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The Dolphin Gull is a Patagonian endemic distributed in the temperate and sub-Antarctic coastline of Chile, Tierra del Fuego and Argentina. It is found along rocky coastline often in the vicinity of fresh water, seabird and marine mammal colonies, slaughterhouses, farmyards and even sewers. Though it could be confused with the two other dark-backed gulls found in its range, Band-tailed and Kelp, its obvious bright red bulbous bill and dusky grey head and underparts make it quite distinctive. Its juvenile plumage is also unique among gulls having a dark gray hood, whitish belly and slaty-brown wing coverts. Its main source of food is scavenged carrion, bird eggs and chicks, other marine invertebrates. It can often be found scavenging around marine mammals for dead fish, placentae, and in particular, feces.
40–46 cm; 524 g; wingspan 104–110 cm. Uniquely plumaged gull , with uniform grey suffusion on head and underbody, dark mantle and black primaries, the latter with no white windows, and broad white triangular trailing edge to secondaries and inner primaries; tail white; heavy bill and shortish legs startlingly bright red ; iris white, with conspicuous red orbital ring. Distinguished from Larus belcheri, which shares some of the same features, by smaller size, lack of black tail band, and noticeably different bare part colours. Non-breeding adult and second-winter bird have a darker grey-mottled hood . Juvenile unique among gulls, uniform dark brown with whitish belly and slaty-brown wing-coverts.
S South America from SC Chile (Chiloé I) and SC Argentina (Punta Tombo, in Chubut) to Tierra del Fuego; also Falkland Is. Outside breeding season, occurs slightly farther N on both mainland coasts.
Falklands population resident, but adults and young disperse widely around the islands. Populations from mainland South America move north, Chilean birds as far as Santa María I; Punta Tombo birds attend sea lion colonies 200 km to the north, on the Valdés Peninsula. Has occurred on South Georgia, presumably as a vagrant (1).
Diet and Foraging
Mainly carrion, offal, bird eggs and chicks; marine invertebrates , and other natural food. Scavenges around marine mammals for dead fish, placentae and particularly faeces; natural foods are taken mostly early in season, before bird eggs available. A radiotelemetric study of foraging birds from the Punta Tombo Reserve colony, Argentina, has shown that these all foraged quite close to the colony during both the incubation and chick rearing stages; and mainly at the colonies of three other species, feeding on Magellanic Penguin Spheniscus magellanicus and Imperial Cormorant Phalacrocorax atriceps regurgitates and on Southern Sea Lion Otaria flavescens faeces (2).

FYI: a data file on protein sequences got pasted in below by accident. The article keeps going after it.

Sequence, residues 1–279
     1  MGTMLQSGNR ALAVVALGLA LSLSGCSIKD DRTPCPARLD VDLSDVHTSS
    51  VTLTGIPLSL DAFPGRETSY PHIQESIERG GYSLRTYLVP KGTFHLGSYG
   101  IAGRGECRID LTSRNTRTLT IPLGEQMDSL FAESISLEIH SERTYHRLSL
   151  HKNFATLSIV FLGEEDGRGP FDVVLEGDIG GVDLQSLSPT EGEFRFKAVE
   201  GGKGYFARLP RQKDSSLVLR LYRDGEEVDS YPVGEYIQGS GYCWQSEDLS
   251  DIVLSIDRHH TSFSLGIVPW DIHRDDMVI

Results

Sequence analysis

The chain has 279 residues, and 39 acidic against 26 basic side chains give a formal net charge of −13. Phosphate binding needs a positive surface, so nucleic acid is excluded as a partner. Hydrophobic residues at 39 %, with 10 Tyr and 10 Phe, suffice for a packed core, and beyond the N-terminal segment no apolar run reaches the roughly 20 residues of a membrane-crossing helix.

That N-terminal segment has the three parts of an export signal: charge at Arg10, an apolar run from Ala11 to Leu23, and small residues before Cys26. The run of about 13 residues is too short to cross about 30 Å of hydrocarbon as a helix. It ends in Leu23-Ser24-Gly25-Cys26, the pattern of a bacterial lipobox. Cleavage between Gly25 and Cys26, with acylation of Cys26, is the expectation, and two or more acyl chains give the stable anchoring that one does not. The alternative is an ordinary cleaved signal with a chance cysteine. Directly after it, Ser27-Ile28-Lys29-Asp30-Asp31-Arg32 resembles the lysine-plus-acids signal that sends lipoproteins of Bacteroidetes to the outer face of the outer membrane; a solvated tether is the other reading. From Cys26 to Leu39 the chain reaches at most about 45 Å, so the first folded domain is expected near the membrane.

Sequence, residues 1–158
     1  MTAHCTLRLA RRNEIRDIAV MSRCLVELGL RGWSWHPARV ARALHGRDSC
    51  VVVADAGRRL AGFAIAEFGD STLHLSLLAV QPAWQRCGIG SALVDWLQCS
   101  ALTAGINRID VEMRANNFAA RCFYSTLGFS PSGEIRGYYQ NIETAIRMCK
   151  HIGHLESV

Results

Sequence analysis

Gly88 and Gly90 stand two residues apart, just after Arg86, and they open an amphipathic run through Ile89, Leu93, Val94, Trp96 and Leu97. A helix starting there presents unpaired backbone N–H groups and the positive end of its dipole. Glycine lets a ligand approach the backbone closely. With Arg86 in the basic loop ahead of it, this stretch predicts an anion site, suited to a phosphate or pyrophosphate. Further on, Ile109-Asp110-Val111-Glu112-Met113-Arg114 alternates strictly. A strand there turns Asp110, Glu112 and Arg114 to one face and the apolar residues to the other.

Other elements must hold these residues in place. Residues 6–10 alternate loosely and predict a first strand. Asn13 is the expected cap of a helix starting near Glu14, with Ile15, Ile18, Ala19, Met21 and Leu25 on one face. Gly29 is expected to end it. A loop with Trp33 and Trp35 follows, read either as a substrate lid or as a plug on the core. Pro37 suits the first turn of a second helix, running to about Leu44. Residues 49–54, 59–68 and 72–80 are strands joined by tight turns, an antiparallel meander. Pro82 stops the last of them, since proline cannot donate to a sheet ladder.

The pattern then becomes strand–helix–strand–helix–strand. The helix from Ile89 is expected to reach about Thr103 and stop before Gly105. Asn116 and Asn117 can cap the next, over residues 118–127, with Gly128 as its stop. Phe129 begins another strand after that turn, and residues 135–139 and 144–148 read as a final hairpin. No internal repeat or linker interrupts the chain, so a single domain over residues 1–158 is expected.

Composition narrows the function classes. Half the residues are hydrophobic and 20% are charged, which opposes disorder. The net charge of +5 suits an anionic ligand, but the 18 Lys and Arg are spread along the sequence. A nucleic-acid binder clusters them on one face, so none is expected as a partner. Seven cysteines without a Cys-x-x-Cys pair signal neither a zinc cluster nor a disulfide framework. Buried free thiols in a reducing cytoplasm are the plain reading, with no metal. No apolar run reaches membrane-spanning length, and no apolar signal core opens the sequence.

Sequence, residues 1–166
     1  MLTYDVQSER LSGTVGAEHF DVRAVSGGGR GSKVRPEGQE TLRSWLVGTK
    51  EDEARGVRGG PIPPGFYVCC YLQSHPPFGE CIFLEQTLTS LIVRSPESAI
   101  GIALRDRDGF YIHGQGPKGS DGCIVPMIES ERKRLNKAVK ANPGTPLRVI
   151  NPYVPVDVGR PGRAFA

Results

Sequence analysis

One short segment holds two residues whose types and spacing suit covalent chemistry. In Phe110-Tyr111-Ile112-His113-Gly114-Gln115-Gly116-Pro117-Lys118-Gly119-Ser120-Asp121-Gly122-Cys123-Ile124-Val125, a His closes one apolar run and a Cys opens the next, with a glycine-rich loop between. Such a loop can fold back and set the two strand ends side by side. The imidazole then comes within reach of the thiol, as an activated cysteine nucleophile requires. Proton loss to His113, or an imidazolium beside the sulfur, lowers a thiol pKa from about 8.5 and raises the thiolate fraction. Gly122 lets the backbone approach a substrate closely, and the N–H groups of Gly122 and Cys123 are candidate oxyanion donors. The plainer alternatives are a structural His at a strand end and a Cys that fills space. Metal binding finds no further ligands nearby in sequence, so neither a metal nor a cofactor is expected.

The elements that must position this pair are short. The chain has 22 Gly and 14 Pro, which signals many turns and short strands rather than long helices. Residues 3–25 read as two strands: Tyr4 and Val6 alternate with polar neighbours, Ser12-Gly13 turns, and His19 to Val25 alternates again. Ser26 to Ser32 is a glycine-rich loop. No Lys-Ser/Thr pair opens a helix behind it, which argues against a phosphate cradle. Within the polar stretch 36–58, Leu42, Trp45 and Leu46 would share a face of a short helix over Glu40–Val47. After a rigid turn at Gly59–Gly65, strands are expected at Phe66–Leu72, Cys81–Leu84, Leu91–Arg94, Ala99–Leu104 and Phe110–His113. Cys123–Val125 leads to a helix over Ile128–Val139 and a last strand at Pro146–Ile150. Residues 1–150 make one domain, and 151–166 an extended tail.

Exploits human intrusion into seabird colonies by preying on unguarded eggs and chicks. Occasionally steals food being delivered to cormorant (Phalacrocorax) and penguin chicks, and pirates stolen penguin eggs from Larus dominicanus. Chicks fed mainly on fish scavenged from around penguin nests. Probes in seaweed; captures swarming beach flies; picks mussels, which are then dropped onto rocks . Some frequent dumps at fish processing works dumps. Also sometimes feeds at sewage outlets. A pellet analysis at a colony in southern Patagonia reveals that the diet includes a diversity of marine molluscs, crustaceans and fish, especially including the mussel Perumytilus purpuratus, the Argentine Hake Merluccius hubbsi and the Patagonian Squid Loligo gahi, but it is unclear to what extent these are secondary prey derived from mammalian faeces (3).
Sounds and Vocal Behavior
Long-call is a combination of guttural chatters and one or two high-pitched piercing screams. Other calls include loud grating notes, singly or in series, high-pitched squeals and subdued “chuk” notes.
Attends colonies from September, laying sometimes in early November (Tierra del Fuego) or late November (Punta Tombo), but mostly in December; highly asynchronous. Changes location from year to year. Nests chiefly in small, dense colonies (1–1·6 pairs/m²) of up to 25 pairs; exceptionally 200+ pairs. Nest of kelp and vegetation, lined with grass; among boulders, or on bare volcanic rock (Punta Tombo), often sheltered by tussock grass. Lays 2–3 eggs (mean 1·9–2·0 Punta Tombo); incubation 24–27 days; tolerates intruders within 1 m of nest, but once flushed will attack; chick is the most boldly marked of any gull, with discrete black spots and streaks forming long bars from gape to below eye, on a very pale ground colour; mean hatching weight 41 g; at 2–5 days follows parents from nest; older chicks may form a crèche. Hatching success c. 50%; remainder of eggs presumably lost to predators. (4)
Not globally threatened (Least Concern). The total population is estimated at 10,000–28,000 individuals Birdlife Datazone . Most of the global population inhabits the Falkland Islands, where there are numerous small colonies totalling 3000–6000 pairs (5). There are many small colonies on the South American coast, where the species is considered common in S Chile and on much of Tierra del Fuego. Most Patagonian colonies support fewer than 25 pairs and the total Argentinian population has been estimated at only 700 pairs in 26 colonies Birdlife Datazone . Populations are considered to be at least stable. The two colonies in the Beagle Channel, Tierra del Fuego, have increased by 5% post-2000, to reach a total of 455 pairs in 2011 (6).